MOUNTAIN ISSUES

China’s Glaciers Shrink by a Fifth Since the 1950s

Dec 15th, 2014 | By
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China’s glaciers have retreated by 18 per cent over the past half century, a comprehensive survey has found, as some experts warn of “chain effects” that could have an impact on water supplies in the country’s western regions. An average of 244 sq km of glacial ice had disappeared every year since the late 1950s,

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Deep Concern Over Invisible Threat to Antarctic Glaciers

Dec 14th, 2014 | By
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The Antarctic ice shelf is under threat from a silent, invisible agency – and the rate of melting of glaciers has trebled in the last two decades. The ocean waters of the deep circumpolar current that swirl around the continent have been getting measurably warmer and nearer the ocean surface over the last 40 years,

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Tackling Global Warming: Climate Change Driving Migration to Urban Areas, Says Speakers

Dec 14th, 2014 | By
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The Pathways to Resilience in Semi-Arid Economies (PRISE) countries have poor healthcare and educational conditions and high population growth, poverty and urbanisation rates. Rural-urban migration is becoming one of the most obvious factors induced by climate change, which is profoundly changing the society as whole in Pakistan. These views were expressed by speakers at a

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Vulnerable to Climate Change: South Asia at Risk of Food, Water Insecurity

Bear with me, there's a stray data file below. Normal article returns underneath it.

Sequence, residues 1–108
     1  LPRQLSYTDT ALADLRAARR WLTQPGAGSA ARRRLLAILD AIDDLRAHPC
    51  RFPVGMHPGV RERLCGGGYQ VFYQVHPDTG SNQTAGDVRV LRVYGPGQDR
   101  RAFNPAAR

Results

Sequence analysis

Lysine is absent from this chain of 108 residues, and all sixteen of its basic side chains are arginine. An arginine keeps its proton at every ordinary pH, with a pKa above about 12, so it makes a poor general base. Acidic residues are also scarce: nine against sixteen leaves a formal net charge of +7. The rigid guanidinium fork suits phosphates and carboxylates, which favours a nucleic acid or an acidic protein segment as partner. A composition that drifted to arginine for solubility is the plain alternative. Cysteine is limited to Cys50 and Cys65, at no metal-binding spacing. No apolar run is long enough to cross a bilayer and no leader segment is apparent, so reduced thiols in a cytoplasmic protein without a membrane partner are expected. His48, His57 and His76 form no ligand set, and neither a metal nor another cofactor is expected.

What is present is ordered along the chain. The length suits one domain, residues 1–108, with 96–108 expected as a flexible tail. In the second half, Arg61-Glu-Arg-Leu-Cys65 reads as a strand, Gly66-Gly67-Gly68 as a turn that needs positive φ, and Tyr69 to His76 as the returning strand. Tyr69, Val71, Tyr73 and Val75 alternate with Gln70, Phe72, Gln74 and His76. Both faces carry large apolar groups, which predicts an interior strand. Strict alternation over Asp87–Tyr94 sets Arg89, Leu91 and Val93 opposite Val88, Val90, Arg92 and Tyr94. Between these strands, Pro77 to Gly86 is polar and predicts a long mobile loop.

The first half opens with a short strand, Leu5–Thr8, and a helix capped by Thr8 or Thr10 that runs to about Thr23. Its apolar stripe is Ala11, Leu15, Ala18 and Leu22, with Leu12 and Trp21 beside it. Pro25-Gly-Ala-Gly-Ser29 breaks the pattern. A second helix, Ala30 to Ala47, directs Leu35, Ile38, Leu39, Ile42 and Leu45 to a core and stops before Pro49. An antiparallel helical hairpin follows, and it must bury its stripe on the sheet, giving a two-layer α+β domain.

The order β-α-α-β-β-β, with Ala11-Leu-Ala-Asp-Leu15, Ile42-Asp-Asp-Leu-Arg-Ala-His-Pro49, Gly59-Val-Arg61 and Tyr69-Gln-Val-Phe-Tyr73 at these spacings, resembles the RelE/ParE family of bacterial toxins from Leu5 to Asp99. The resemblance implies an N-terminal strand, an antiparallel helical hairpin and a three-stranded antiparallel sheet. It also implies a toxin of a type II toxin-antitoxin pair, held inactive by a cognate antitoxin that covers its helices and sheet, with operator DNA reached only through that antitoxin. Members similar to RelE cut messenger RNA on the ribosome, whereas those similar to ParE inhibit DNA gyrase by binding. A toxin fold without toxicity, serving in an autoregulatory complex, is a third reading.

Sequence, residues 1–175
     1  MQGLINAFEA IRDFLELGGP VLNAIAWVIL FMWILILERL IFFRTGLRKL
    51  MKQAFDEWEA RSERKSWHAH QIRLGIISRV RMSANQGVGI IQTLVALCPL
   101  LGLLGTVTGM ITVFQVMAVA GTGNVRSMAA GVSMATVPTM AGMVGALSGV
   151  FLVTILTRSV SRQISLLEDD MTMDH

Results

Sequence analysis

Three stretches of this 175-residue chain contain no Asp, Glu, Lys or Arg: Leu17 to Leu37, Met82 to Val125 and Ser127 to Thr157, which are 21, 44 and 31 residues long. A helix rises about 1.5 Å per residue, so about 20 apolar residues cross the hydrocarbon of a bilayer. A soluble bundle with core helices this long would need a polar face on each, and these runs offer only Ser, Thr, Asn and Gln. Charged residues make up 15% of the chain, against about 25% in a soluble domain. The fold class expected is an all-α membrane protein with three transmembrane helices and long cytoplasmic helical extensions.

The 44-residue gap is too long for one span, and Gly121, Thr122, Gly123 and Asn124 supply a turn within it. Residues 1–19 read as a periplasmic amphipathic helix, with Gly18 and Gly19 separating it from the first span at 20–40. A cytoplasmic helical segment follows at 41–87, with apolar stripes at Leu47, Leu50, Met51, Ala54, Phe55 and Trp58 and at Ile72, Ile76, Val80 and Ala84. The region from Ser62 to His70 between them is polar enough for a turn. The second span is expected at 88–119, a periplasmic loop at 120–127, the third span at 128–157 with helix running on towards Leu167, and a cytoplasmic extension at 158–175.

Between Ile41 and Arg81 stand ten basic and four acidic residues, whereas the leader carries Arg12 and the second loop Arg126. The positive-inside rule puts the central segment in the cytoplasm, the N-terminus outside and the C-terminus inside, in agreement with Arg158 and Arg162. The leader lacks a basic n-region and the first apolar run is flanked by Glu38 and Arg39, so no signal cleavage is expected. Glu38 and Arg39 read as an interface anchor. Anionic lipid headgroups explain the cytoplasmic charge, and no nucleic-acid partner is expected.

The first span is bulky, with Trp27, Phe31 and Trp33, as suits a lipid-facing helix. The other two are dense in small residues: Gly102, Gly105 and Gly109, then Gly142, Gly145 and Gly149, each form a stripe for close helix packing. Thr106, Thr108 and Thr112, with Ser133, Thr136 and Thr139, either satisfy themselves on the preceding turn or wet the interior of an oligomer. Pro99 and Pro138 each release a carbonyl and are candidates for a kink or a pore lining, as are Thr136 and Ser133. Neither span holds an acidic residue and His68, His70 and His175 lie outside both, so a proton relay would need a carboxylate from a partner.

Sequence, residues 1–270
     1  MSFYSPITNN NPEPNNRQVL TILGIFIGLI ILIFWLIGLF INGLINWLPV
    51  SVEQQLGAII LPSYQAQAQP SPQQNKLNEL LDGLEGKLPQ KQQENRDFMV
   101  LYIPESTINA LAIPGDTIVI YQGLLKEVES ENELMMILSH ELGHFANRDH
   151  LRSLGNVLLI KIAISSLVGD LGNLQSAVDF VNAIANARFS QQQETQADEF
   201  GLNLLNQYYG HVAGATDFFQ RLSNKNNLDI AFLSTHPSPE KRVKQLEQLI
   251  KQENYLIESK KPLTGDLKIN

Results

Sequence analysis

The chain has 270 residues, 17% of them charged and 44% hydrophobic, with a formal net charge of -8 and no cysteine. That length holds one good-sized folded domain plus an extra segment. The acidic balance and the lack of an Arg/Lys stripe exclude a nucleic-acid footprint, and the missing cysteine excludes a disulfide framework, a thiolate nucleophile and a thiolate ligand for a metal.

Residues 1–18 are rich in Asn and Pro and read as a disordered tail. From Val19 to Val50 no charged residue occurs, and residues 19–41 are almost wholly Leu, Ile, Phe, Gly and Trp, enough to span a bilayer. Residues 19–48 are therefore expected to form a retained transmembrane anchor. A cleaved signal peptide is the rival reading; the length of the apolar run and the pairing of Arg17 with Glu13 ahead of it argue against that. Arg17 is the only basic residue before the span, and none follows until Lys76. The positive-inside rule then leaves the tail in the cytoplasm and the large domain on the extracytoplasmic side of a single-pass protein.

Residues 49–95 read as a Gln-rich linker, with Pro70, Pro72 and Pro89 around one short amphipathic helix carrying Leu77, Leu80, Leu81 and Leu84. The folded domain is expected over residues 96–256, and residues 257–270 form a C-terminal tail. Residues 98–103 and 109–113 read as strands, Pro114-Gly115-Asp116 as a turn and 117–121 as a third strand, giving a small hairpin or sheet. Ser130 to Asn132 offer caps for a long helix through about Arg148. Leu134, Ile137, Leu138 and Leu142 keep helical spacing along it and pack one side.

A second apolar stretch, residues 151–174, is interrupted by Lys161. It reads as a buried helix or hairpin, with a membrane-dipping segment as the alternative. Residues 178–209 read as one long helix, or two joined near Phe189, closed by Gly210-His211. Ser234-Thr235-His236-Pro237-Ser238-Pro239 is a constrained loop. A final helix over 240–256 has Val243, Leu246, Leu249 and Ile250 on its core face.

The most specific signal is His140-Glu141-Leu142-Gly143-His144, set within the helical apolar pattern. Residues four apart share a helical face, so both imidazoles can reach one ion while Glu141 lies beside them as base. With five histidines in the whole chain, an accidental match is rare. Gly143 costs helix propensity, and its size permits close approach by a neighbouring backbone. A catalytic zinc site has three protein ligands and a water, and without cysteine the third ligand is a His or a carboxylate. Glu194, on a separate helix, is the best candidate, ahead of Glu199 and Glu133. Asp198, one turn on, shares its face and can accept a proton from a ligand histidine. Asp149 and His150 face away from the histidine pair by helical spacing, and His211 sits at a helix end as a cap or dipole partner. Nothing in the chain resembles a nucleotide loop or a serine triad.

Dec 12th, 2014 | By
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Environment and food security experts have said that better water management is essential to ensure food security in South Asia. They were speaking at a panel on “Water and Food Security in South Asia in the Era of Climate Change” as part of the three-day “Pathways to Sustainable Development” conference, organised by the Sustainable Development

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Government Admits Hydropower Projects Aggravated 2013 Uttarakhand Floods

Dec 11th, 2014 | By
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The Centre on Monday admitted for the first time that hydropower projects had “direct and indirect impact in the aggravation of floods” that hit Uttarakhand in 2013, killing hundreds and leaving thousands homeless. It also said that the projects caused “irreversible damage” to the environment and enhanced landslides and other disasters. Filing its affidavit in

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India Says Carbon Emissions Will Grow as it Drives to Beat Poverty

Dec 7th, 2014 | By